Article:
Melinda re-did her dining room in a gray palet which is very modern and updated. But those lower panels needed something extra special.
She used our Raised Plaster Flores Panel Stencil with metallic silver paint over the darker gray paint color. Not only did it add a wonderful pattern to the panels, the metallic paint gave it an extra dose of glam!
Here’s what she said about the project:
“Your stencil is amazing and my project turned out GORGEOUS. I had planned to do a dimensional border, silver on cream walls above plain gray panels. But realized that the stencil is exactly the right size for the panels themselves. So instead I did silver paint on gray chalk paint. The result is incredible. Thanks so much”
Remember that all of our Raised Plaster Stencils can also be used with paint for any project you have in mind.
I have had this dresser for many many years, I painted pink and blue for my oldest daughter when she was small, years before I even knew I would be doing this now. We dragged it across the ocean when we moved from the UK to Canada and it has been many colours and even lived in the garage, all alone and forgotten. It is is now resplendent in Fusion Mineral Paint Ash and Brushed Steel. I used a stencil from my favourite stencil designer Victoria Larsen Stencils. I cannot bring myself to sell this piece, sentimental fool that I am!
The combination of the two gray colors is not only striking, but makes this piece so elegant!
The stencil design adds just the right amount of detail to this dresser. I can see why she doesn’t want to sell it!
Wouldn’t this also be an exquisite treatment for a focal wall?
Then using light pressure, dip your stencil brush in to darker gray paint, wipe off the excess and swirl the bristles over the stencil openings.
Turning the stencil each time you repeat it, gives that pretty random effect.
I painted the cabinet trim, the same darker gray paint to match then used the same stencil with joint compound to create a raised design on the cabinet door front. I added black paint to the joint compound to pre-color it.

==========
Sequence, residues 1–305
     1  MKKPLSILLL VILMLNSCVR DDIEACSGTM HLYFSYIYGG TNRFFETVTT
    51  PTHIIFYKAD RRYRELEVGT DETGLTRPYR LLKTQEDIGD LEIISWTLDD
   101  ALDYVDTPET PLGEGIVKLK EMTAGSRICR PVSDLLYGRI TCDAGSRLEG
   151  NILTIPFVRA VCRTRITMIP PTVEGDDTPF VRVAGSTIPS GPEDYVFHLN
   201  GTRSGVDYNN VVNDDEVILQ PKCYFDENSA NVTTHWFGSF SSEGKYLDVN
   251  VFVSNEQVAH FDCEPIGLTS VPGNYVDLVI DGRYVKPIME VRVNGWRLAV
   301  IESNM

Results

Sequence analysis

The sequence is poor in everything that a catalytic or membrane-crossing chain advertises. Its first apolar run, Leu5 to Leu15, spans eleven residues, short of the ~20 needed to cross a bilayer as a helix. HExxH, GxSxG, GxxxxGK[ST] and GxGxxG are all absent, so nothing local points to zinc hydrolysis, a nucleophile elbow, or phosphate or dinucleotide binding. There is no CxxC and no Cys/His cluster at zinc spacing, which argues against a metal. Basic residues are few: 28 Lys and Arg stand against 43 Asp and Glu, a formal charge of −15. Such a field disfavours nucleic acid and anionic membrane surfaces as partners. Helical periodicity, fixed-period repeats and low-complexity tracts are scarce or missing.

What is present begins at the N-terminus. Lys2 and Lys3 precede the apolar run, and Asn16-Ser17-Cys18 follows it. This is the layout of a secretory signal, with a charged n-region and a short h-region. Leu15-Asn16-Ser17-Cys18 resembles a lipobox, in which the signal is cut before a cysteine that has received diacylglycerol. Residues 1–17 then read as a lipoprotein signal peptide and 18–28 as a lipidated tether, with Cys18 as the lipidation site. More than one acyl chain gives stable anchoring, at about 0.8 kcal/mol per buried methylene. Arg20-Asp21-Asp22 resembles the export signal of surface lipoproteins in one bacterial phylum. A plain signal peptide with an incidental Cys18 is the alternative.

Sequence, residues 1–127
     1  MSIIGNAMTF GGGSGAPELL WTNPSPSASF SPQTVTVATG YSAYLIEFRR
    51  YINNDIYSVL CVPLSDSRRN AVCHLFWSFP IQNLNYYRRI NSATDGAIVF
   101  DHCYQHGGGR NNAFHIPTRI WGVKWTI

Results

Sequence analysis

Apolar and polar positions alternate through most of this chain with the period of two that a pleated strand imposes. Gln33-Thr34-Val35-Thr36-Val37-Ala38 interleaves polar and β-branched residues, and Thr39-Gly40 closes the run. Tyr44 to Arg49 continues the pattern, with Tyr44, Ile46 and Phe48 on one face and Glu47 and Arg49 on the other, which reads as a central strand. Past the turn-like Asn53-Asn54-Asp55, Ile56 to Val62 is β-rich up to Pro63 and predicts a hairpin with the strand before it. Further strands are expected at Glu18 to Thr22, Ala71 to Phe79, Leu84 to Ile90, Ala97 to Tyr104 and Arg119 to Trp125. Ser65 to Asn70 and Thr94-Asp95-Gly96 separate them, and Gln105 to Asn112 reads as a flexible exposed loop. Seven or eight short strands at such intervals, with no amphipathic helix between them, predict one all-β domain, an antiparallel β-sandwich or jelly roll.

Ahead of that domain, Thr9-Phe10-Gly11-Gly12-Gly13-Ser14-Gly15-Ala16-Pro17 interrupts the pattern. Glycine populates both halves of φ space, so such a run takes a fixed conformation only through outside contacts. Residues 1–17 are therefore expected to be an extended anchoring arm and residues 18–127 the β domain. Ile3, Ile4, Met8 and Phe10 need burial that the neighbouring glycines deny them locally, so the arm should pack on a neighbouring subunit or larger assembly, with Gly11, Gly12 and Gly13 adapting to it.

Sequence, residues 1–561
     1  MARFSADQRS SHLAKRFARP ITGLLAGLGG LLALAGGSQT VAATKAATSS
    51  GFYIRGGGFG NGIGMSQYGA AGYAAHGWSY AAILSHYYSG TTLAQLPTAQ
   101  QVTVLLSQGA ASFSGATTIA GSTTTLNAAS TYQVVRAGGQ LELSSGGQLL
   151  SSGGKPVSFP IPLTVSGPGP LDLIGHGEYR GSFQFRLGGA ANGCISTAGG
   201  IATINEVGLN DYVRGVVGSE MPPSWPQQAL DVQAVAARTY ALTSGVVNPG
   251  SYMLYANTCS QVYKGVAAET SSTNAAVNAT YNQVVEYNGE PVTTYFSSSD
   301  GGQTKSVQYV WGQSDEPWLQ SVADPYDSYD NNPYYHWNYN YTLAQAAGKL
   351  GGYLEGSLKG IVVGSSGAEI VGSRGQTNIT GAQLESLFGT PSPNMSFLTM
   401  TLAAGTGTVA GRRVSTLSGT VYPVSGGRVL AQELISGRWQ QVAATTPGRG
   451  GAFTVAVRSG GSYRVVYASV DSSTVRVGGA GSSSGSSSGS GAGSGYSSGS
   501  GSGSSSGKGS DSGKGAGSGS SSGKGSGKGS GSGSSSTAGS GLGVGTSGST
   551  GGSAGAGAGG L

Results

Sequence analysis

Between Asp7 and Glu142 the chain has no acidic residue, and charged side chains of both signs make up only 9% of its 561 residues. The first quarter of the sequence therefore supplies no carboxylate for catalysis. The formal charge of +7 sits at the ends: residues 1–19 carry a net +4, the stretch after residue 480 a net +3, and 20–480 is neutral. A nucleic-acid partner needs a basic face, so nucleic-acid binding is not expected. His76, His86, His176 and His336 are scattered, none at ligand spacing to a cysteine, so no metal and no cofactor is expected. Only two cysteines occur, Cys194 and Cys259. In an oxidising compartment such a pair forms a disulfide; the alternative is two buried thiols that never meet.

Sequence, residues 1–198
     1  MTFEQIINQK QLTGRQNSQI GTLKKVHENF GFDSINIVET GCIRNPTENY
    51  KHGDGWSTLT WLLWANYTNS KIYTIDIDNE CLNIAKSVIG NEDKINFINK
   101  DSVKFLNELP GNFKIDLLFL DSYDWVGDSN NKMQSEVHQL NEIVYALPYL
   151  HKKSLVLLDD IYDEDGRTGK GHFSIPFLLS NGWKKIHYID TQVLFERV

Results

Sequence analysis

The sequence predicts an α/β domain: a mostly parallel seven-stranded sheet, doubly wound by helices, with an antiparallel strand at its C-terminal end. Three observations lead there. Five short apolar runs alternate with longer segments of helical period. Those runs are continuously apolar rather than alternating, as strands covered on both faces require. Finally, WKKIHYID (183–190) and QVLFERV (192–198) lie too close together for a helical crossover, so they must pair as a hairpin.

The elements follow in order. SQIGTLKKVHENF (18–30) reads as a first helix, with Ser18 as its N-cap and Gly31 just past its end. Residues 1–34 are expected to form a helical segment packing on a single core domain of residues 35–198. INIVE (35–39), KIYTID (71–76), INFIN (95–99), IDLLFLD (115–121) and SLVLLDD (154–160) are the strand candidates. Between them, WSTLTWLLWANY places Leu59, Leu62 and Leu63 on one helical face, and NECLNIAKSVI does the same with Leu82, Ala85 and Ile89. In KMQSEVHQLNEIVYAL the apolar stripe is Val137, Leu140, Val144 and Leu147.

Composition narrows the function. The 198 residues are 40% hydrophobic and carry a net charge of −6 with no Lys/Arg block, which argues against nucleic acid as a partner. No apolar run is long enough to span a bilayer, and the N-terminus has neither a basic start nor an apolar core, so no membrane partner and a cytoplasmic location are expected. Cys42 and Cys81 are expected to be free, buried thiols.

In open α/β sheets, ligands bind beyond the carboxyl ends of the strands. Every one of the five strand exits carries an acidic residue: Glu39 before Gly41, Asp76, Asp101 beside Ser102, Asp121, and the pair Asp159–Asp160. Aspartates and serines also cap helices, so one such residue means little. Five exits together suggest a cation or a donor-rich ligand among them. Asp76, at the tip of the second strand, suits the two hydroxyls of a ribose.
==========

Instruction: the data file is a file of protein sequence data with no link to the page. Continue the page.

Simply use a plastic scraper, or even a credit card to smooth the compound over the stencil openings.
Gently un-tape the stencil and peel it back to reveal the raised design. Now, let it dry completely.
I added a cute new handle that I got from Hobby Lobby, moving it to the upper edge of the door for more convenience. Now it’s an adorable storage unit that I will put in my work room!
I then cast and applied plaster ornaments from our plaster molds to the top. Simply choose your favorite! White glue works fine to adhere them, just be sure to prime both sides first.
Once everything was dry, I painted the entire box with cream colored latex paint then mixed dark brown paint with translucent wall glaze and brushed it over the entire surface. Make sure to get your bristles in to all the little crooks and crannies!
With a wadded, old terry towel, begin wiping off the excess glaze, allowing it to remain in the recesses.
Once everything is dry, give it a good coat of clear sealer and it’s ready to give as a gift!
Brenda Foster loves design and like me, sees a blank wall as a new canvas!
Using our Raised Plaster Wisteria Stencil with pastel paints instead of plasters, she stenciled the whole back side of her shed with wisteria vines, dripping with lovely lavender blossoms. What a wonderful “garden” theme!
I love how she allowed the stenciled vines to trail and cover the surface as if they were actually growing from a live plant, seemingly coming right out of the soil!
This certainly makes me look at my garage door differently all of a sudden!